The chosen people of Israel were not chosen because of anything in them. They were not more holy, more numerous, or more distinguished than any other nation. Moses tells the people in Deuteronomy, “The Lord your God has chosen you out of all the peoples on the face of the earth to be his people, his treasured possession. The Lord did not set his affection on you and choose you because you were more numerous than other peoples, for you were the fewest” (Deut. 7:6–7); and, “It is not because of your righteousness or integrity that … the Lord your God is giving you this good land to possess, for you are a stiff-necked people. Remember this and never forget how you provoked the Lord your God to anger in the desert” (Deut. 9:5–7). As the Old Testament people of God were called God’s inheritance (e.g., Deut. 4:20; 9:29; 32:8–9; Ps. 33:12; 1 Kings 8:51), so too his new covenant people are God’s portion and inheritance (Eph. 1:18). This apportioning is according to God’s own choice (he is the agent—implied in the passive verb—who apportions the inheritance), which is further emphasized by Paul when he discusses God’s predestining purpose.
Why were the people to remember that their God loved them because of what was in his heart rather than what was in theirs? So that the people would “know therefore that the Lord your God is God” (Deut. 7:9). The concept of choosing, which sometimes raises questions about God’s fairness, is actually being used here to comfort God’s people. Paul wants everyone to remember that we are loved not because of what is in us but because of what is in God. The loving faithfulness of God that is revealed in Christ is the cause of our being his. The locus, or cause, of the covenant people being God’s is moved from them to him; they are his because of what is in his heart.
God’s Plan (1:11b)
Divine causation is emphasized in the words that follow the reminder of God’s choosing. The covenant people were chosen “having been predestined according to the plan of him who works out everything in conformity with the purpose of his will” (Eph. 1:11b). These words follow close on the heels of Paul’s earlier statement that the will of God purposed in Christ is “to bring all things in heaven and on earth together under one head, even Christ” (Eph. 1:10). God plans to bring everything under his Son, and even now the Father is making everything work together for that purpose—everything! The scope of these words our humanity has not the capacity to contain.
One summer I took a group tour with a botanist through meadows in the shadows of the Rocky Mountains. In addition to showing us the marvelous colors of the wild flowers we so easily fail to notice, he also used a hand-held microscope to reveal the incredible design of violets, clover, and orchids at the cell level. And while these flower cells were whispering the glory of God, the mountains above us were at the same moment shouting his greatness. I was moved to awe in those moments by remembering that all things—as great as mountains and as small as flower cells—are being coordinated according to God’s plan to bring glory to his Son as the head of all things.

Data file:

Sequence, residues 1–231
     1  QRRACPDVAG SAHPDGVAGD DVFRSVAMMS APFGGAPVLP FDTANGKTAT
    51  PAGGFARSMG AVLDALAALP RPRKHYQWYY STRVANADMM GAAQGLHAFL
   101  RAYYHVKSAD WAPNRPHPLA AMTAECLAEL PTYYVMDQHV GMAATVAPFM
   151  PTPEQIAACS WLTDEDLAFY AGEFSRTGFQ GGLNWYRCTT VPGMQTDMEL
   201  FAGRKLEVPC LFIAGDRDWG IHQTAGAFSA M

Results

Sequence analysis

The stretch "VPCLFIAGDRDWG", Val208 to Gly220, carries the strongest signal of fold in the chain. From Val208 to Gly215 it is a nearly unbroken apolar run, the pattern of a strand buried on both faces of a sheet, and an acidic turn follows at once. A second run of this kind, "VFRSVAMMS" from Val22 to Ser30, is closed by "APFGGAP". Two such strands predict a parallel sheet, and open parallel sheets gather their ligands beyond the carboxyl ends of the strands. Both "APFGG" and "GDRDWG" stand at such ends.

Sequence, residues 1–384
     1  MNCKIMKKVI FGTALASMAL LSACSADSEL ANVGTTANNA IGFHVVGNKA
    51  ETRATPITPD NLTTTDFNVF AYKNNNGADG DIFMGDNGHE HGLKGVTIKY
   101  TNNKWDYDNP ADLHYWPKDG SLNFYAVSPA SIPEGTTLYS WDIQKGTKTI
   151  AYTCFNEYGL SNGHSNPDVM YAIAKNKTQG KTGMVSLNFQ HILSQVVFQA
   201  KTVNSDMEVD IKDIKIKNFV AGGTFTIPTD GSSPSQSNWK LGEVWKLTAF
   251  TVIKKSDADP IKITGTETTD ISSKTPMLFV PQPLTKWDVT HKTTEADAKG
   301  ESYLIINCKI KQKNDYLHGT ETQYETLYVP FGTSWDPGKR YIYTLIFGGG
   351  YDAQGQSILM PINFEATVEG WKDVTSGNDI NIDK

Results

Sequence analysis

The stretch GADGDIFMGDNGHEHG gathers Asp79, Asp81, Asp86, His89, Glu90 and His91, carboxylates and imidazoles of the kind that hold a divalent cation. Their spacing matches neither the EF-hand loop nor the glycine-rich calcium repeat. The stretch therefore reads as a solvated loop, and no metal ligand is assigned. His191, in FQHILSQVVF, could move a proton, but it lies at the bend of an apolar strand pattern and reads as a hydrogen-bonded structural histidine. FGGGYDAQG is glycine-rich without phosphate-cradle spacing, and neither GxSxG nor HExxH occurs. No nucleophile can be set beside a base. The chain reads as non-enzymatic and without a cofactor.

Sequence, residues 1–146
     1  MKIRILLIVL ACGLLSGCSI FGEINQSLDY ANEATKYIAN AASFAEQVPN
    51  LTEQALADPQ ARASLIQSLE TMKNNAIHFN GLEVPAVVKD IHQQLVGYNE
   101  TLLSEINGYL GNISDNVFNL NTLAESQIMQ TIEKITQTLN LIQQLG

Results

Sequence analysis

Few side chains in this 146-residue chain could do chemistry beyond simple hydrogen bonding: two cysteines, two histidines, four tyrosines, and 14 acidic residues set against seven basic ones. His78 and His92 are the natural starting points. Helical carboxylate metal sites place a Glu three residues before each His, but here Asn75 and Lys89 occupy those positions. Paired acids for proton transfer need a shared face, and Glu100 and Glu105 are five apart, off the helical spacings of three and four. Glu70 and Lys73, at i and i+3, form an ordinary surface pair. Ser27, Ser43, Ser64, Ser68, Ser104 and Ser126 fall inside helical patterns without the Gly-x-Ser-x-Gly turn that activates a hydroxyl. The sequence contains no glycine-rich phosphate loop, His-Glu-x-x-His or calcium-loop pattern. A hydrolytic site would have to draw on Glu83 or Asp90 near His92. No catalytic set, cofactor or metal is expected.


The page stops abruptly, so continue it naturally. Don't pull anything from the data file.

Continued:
11. Through whom also we have obtained an inheritance. Hitherto he has spoken generally of all the elect; he now begins to take notice of separate classes. When he says, we have obtained, he speaks of himself and of the Jews, or, perhaps more correctly of all who were the first fruits of Christianity; and afterwards he comes to the Ephesians. It tended not a little to confirm the faith of the Ephesian converts, that he associated them with himself and the other believers, who might be said to be the first-born in the church. As if he had said, “The condition of all godly persons is the same with yours; for we who were first called by God owe our acceptance to his eternal election.” Thus, he shews, that, from first to last, all have obtained salvation by free grace, because they have been freely adopted according to eternal election.
Who worketh all things. The circumlocution employed in describing the Supreme Being deserves attention. He speaks of Him as the sole agent, and as doing everything according to His own will, so as to leave nothing to be done by man. In no respect, therefore, are men admitted to share in this praise, as if they brought anything of their own. God looks at nothing out of himself to move him to elect them, for the counsel of his own will is the only and actual cause of their election. This may enable us to refute the error, or rather the madness, of those who, whenever they are unable to discover the reason of God’s works, exclaim loudly against his design.
11 The NIV starts a new paragraph here, though, of course, the sentence that started with 1:3 continues through 1:14. It starts with the now familiar “in him” (lit., “in whom”), detailing yet another divine action for those who are incorporated in Christ. Paul employs the verb klēroō (GK 3103), which means “to appoint or obtain by lot” (cf. BDAG, 548). If Paul intends the idea of “appoint,” then he means that in Christ we were appointed to be his possession or to become his inheritance. Thus O’Brien, 115, defends the translation “we were claimed by God as his portion.” The NIV interprets this as “we were also chosen” (cf. v. 4). If the sense centers more on “obtain,” then Paul might mean that in Christ the church obtained its inheritance (cf. NASB). Muddiman, 76–77, translates this phrase as “in whom we have gained our allotted portion.” This would parallel the idea of predestination that follows: what God has determined for his people. It is difficult to make a choice here, for both make good sense in the context and fit the uses of the verb elsewhere, though this is its only occurrence in the NT. Perhaps the former has a slight edge, given the common OT sense of the people of Israel as God’s inheritance (e.g., Dt 4:20; 9:29; 32:8–9; 1 Ki 8:51; Pss 33:12; 106:40; cf. Col 1:12). In either case, we note the corporate emphasis again: we are God’s inheritance as members of the corporate Christ, or we obtain our inheritance in Christ.